USA v. Hensel

Filing 920070404

Opinion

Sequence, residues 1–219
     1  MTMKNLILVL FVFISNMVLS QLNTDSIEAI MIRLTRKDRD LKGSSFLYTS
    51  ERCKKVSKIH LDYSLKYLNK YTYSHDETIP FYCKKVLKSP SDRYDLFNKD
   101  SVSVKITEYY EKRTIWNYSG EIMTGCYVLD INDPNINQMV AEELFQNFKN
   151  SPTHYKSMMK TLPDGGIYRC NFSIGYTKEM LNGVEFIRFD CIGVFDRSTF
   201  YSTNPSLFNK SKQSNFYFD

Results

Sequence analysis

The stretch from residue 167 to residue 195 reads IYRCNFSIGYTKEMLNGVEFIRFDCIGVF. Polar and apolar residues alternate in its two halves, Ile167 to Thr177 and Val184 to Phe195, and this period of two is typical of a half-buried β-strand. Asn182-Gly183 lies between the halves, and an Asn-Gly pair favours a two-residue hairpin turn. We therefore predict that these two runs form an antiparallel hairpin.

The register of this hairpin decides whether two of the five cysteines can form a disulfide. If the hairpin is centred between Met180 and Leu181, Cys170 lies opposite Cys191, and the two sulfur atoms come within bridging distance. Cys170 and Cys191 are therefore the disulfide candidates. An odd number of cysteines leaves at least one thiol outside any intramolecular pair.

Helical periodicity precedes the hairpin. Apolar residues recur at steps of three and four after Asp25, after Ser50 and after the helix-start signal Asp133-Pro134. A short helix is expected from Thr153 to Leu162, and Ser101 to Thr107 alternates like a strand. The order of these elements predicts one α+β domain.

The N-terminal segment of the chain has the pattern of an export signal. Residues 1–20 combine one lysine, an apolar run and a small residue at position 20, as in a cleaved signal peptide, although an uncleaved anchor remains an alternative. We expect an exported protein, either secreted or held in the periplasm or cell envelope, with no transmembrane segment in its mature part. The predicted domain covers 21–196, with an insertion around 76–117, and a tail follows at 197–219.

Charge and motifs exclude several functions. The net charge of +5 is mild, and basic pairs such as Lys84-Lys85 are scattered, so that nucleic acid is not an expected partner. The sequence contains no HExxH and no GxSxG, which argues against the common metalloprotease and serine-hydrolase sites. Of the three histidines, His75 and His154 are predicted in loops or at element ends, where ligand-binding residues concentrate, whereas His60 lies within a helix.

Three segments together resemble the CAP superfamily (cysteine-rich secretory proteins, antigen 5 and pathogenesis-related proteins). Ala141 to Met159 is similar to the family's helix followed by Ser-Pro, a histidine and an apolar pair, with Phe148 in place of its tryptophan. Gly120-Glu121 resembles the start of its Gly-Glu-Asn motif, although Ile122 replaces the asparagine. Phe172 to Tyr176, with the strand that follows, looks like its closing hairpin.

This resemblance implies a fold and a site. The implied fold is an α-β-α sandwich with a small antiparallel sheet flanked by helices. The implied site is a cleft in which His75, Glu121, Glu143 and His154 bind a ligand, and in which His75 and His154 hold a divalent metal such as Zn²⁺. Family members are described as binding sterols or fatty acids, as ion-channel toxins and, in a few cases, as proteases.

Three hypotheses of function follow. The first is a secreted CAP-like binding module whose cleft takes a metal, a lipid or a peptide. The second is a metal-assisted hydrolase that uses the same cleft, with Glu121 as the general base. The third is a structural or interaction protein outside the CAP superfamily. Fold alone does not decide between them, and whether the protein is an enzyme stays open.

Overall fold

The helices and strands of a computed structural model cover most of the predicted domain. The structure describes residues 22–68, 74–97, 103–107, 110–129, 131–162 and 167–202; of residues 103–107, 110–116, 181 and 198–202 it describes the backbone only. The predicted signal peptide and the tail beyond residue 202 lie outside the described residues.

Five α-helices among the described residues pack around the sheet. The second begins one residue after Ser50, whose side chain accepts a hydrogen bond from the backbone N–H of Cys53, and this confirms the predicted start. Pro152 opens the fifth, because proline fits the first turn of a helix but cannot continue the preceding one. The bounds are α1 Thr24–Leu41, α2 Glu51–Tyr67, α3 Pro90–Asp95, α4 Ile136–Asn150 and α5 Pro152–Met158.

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NOT RECOMMENDED FOR FULL-TEXT PUBLICATION File Name: 07a0248n.06 Filed: April 4,2007 No. 04-4325 UNITED STATES COURT OF APPEALS FOR THE SIXTH CIRCUIT United States of America, Plaintiff-Appellee, v. Gary Sean Hensel, Defendant-Appellant. / ON APPEAL FROM THE UNITED STATES DISTRICT COURT FOR THE NORTHERN DISTRICT OF OHIO BEFORE: COLE, CLAY, and GILMAN, Circuit Judges. CLAY, Circuit Judge. Defendant Gary Sean Hensel pled guilty on July 21, 2004, to being a felon in possession of a firearm in violation of 18 U.S.C. 922(g)(1). On October 21, 2004, the district court imposed the minimum sentence under the applicable sentencing guidelines and sentenced Defendant to an imprisonment term of seventy months and to three years of supervised release. Defendant appeals his sentence in light of United States v. Booker, 543 U.S. 220 (2005), arguing that there is a strong inference that the district court may have imposed a lower sentence under a non-mandatory sentencing guidelines scheme. For the reasons which follow, because of the appeal waiver provision in Defendant's plea agreement, we DISMISS this appeal for lack of jurisdiction. No. 04-4325 BACKGROUND On July 21, 2004, Defendant entered into a plea agreement with the government. Defendant's plea agreement sets forth "statutory penalties, an appellate waiver, the base offense level calculations, a factual agreement, the [ ] constitutional rights [Defendant] would be waiving, and his acknowledgment of a voluntary, knowing plea of guilty." (Gov't Br. at 4) In pertinent part, the plea agreement provides: WAIVER OF APPEAL, DEFENSES, AND COLLATERAL ATTACK RIGHT Defendant acknowledges having been advised by counsel of Defendant's rights, in limited circumstances, to appeal the conviction or sentence in this case, including the appeal right conferred by 18 U.S.C. 3742, and to challenge the conviction or sentence collaterally through a post-conviction proceeding, including a proceeding under 28 U.S.C. 2255. Defendant expressly waives those rights except as reserved below. Defendant reserves the right to appeal: (a) any punishment in excess of the statutory maximum; (b) any punishment to the extent it constitutes an upward departure from the Sentencing Guideline range deemed most applicable by the Court; (c) any punishment to the extent it exceeds the guideline calculation contained in this agreement; and (d) any criminal history determination to which the defendant objected at sentencing. Nothing in this paragraph shall act as a bar to the defendant perfecting any legal remedies he may otherwise have on appeal or collateral attack respecting claims of ineffective assistance of counsel or prosecutorial misconduct. (J.A. 21) (formatting added). In the plea agreement, Defendant "acknowledge[d] that his offer to plead guilty is freely and voluntarily made." (J.A. 23) Defendant also "declare[d] that he is fully satisfied with the legal counsel and assistance provided by his attorney." (J.A. 24) Under the terms 2 No. 04-4325 of the agreement, the "plea agreement sets forth the full and complete terms and conditions of the agreement between the defendant and the government." Id. At the plea hearing, the district court asked the government to "summarize the promises that have been made by the United States to [Defendant]" in the plea agreement. (J.A. 34) The government discussed the provisions in the agreement, including the appellate waiver clause. In pertinent part, the government stated: the other things contained are waiver of appeal that apply to the conviction itself. He may appeal any sentence given by the Court that constitutes an upward departure or anything based on ineffective assistance of counsel. (J.A. 34-35) The district court reviewed the terms of the plea agreement with Defendant and stated that Defendant's "sentence will [ ] be consistent with the plea agreement which [Defendant] signed and the Court has approved and signed as well." (J.A. 36) The district court inquired whether Defendant was "certain that [he] want[ed] to plead guilty," and Defendant indicated his interest in pleading guilty. Id. The district court accepted Defendant's guilty plea finding that Defendant "understands the nature of the charge against him; that his plea is voluntary and intelligently made; and that there is a substantial factual basis for the plea." (J.A. 35) On October 22, 2004, the district court held a sentencing hearing. At the hearing, Defendant's counsel indicated that "[w]e have no dispute with what the presentence report stated other than to say the criminal history kind of over-represented it." (J.A. 41) Relying on the presentence report, the district court calculated a "net offense level of 21 points and a criminal 3 No. 04-4325 history category roman numeral V. The guideline range is 70 to 87 months." (J.A. 44) Defendant's counsel objected again: Your Honor, we would just again reiterate our request for the Court to find him in a criminal history category 3 or 4, and if the Court does not do that, for the Court to sentence him to the minimum. (J.A. 44) The district court stated: I think that the criminal history points are accurate. I do think that this is a pretty long period of time here. So although I am not going to rule that the criminal history overstates your responsibility because you're responsible and know you are, I am however going to sentence you at the low end of the guidelines because I think 70 months, you should be able to pick it up and turn it around. (J.A. 44) The court sentenced Defendant to an imprisonment term of seventy months, the minimum term under the sentencing guideline range, and to three years of supervised release. On appeal, Defendant's cursory brief fails to meaningfully develop the legal arguments. Defendant contends that he was "sentenced to minimum term under the Federal Sentencing guidelines for his offense, and where that occurs . . . there is a strong inference that the Court might have imposed a lesser sentence without the Guidelines." (Def. Br. at 5) Liberally construing Defendant's brief, Defendant appears to argue that in light of Booker, he "should be re-sentenced to less than the Guideline minimum." Id. For its part, the government argues that Defendant "waived his rights to this appeal in a binding plea agreement." (Gov't Br. at 8). The government does not meaningfully respond to Defendant's arguments concerning the possible imposition of a lower sentence. Instead, the government argues that Defendant simply cannot bring this appeal because "his sentence did not 4 No. 04-4325 violate any of the provisions of the plea agreement which constitute[ ] grounds for appeal," and asks the Court to dismiss this appeal. Id. DISCUSSION I. WHETHER DEFENDANT WAIVED THE RIGHT TO APPEAL HIS SENTENCE IN THE PLEA AGREEMENT Standard of Review "This Court reviews the question of whether a defendant waived his right to appeal his sentence in a valid plea agreement de novo." United States v. Smith, 344 F.3d 479, 483 (6th Cir. 2003) (citing United States v. Stubbs, 279 F.3d 402, 411 (6th Cir.2002)); see also United States v. Swanberg, 370 F.3d 622, 626 (6th Cir. 2004). Analysis "It is well settled that a defendant in a criminal case may waive `any right, even a constitutional right,' by means of a plea agreement." United States v. Fleming, 239 F.3d 761, 763-64 (6th Cir. 2001) (quoting United States v. Ashe, 47 F.3d 770, 775-76 (6th Cir.1995)). "[A] defendant in a criminal case may waive his right to appeal his sentence in a valid plea agreement." Smith, 344 F.3d at 483. "[W]aiver of appeal provisions in a plea agreement [may] effectively waive appeal of Booker-type violations." United States v. Luebbert, 411 F.3d 602, 603 (6th Cir. 2005). "When a [d]efendant waives his right to appeal his sentence in a valid plea agreement, this Court is bound by that agreement and will not review the sentence except in limited circumstances." Smith, 344 F.3d at 483 (quoting United States v. Stubbs, 279 F.3d 402, 410 (6th Cir. 2002)). "For 5 No. 04-4325 a plea agreement to be constitutionally valid, a defendant must have entered into the agreement knowingly and voluntarily." Smith, 344 F.3d at 483; see also Swanberg, 370 F.3d at 625-26. This Court has "strongly encourage[d] the government to promptly file a motion to dismiss the defendant's appeal where the defendant waived his appellate rights as part of a plea agreement, and to attach a copy of the appellate-waiver provision and the transcript of the plea colloquy showing the district court's compliance with Rule 11(b)(1)(N)." United States v. McGilvery, 403 F.3d 361, 363 (6th Cir. 2005); but see United States v. Caruthers, 458 F.3d 459, 472 n.6 (6th Cir. 2006) (noting that an appeal waiver may not deprive the Court of jurisdiction to hear a sentencing appeal). In this case, provisions in Defendant's plea agreement determine Defendant's ability to pursue this appeal. More specifically, Defendant waived his appeal rights in the plea agreement. Defendant argues that the district court led him to believe that the sentence could be appealed. Defendant fails to meaningfully develop this argument and does not substantiate this claim by pointing to specific parts of the record or plea colloquy. Defendant has made no effort to address the impact of the plea agreement and appeal waiver on the claims raised in this appeal, and has failed to meaningfully respond to the government's arguments. Defendant simply does not allege that the plea agreement is invalid or that his plea was not knowing or voluntary. Since Defendant has failed to meaningfully address this issue, Defendant has waived the issue of whether the plea agreement bars this appeal. See, e.g., United States v. Johnson, 440 F.3d 832, 846 (6th Cir. 2006) ("[I]t is a settled appellate rule that issues adverted to in a perfunctory manner, unaccompanied by some effort at developed argumentation, are deemed waived."). 6 No. 04-4325 Even if the Court were to find that Defendant had properly addressed the issues raised in the government's motion to dismiss, the written plea agreement and the district court's plea colloquy support a finding that Defendant waived his appeal rights knowingly and voluntarily. At the plea hearing, the district court explained, and the Defendant indicated he understood, the nature of the charges and penalties associated with a conviction: The Court: And what I've read you is the maximum scenario that you face; do you understand that? Yes, Your Honor. The Defendant: (J.A. 31) The court informed Defendant of the rights he would be waiving by pleading guilty, including the right to trial by jury, where you have the right to counsel at every stage of the proceedings . . . the right to testify on your own behalf; and the right not to testify if you choose not to; the right to compel witnesses to appear on your behalf; and the right to be presumed innocent until the government can prove otherwise beyond a reasonable doubt[.] (J.A. 31) The court specifically inquired whether Defendant understood that "by pleading guilty [he] [was] giving up [the] right to appeal [his] conviction," (J.A. 31), and explained that "[t]here may be some things about the sentence that could be appealed, but you don't have the right to appeal the actual conviction." (J.A. 31-32) Defendant clearly indicated that he understood the waiver of his right to appeal. Contrary to Defendant's averments, the district court's statements and questions were not ambiguous and did not invalidate the waiver of appeal contained in the plea agreement. The district court properly inquired into the voluntariness of Defendant's guilty plea: The Court: Mr. Hensel, think very carefully now. You've heard the promises that the government made 7 No. 04-4325 to you in this plea agreement. Have there been any other promises made to you by anyone . . . to encourage you to plead guilty here? No, Your Honor. Has anyone made any threats to encourage you to plead guilty? No, ma'am. The Defendant: The Court: The Defendant: (J.A. 35) Defendant's responses during the plea colloquy confirm general statements contained in the plea agreement where Defendant "acknowledge[d] that his offer to plead guilty is freely and voluntarily made," (J.A. 23), and "declare[d] that he is fully satisfied with the legal counsel and assistance provided by his attorney." (J.A. 24) Defendant has simply failed to produce any evidence that would suggest that his plea was not knowing and voluntary. The Court cannot infer a violation of Defendant's rights from the plea colloquy in the record. Defendant's plea agreement states: WAIVER OF APPEAL, DEFENSES, AND COLLATERAL ATTACK RIGHT Defendant acknowledges having been advised by counsel of Defendant's rights, in limited circumstances, to appeal the conviction or sentence in this case, including the appeal right conferred by 18 U.S.C. 3742, and to challenge the conviction or sentence collaterally through a post-conviction proceeding, including a proceeding under 28 U.S.C. 2255. Defendant expressly waives those rights except as reserved below. Defendant reserves the right to appeal: (a) any punishment in excess of the statutory maximum; (b) any punishment to the extent it constitutes an upward departure from the Sentencing Guideline range deemed most applicable by the Court; (c) any punishment to the extent it exceeds the guideline calculation contained in this agreement; and (d) any criminal history determination to which the defendant objected at sentencing. Nothing in this paragraph shall act as a bar to the defendant perfecting any legal remedies he may otherwise have on appeal or collateral attack respecting claims of ineffective assistance of counsel or prosecutorial misconduct. 8 No. 04-4325 (J.A. 21) (formatting added). As illustrated above, Defendant's plea agreement contained an express waiver of the right to appeal. This Court has dismissed Sixth Amendment challenges to pre-Booker sentences based on this type of written appeal waiver. For example, in Luebbert, where the appeal waiver was similar to the waiver in this case, the Court found that the appeal waiver foreclosed the appeal. Luebbert, 411 F.3d at 603. Like the plea agreement in the instant case, the plea agreement in that case provided that the defendant additionally waives the right to appeal his sentence on any ground . . . other than any sentence imposed in excess of the statutory maximum, and any punishment to the extent it constitutes an upward departure from the guideline range deemed most applicable by the sentencing court. Luebbert, 411 F.3d at 603. This language, which is similar to the language in Defendant's plea agreement, foreclosed an appeal in Luebbert. Post-Booker, this Court has held that "where developments in the law later expand a right that a defendant has waived in a plea agreement, the change in law does not suddenly make the plea involuntary or unknowing or otherwise undo its binding nature." United States v. Bradley, 400 F.3d 459, 463 (6th Cir.2005); see also United States v. Yoon, 398 F.3d 802, 808 (6th Cir. 2005). In light of this precedent, the plea agreement forecloses this appeal. CONCLUSION For the foregoing reasons, because of the appeal waiver provision in Defendant's plea agreement, we DISMISS Defendant's appeal for lack of jurisdiction. 9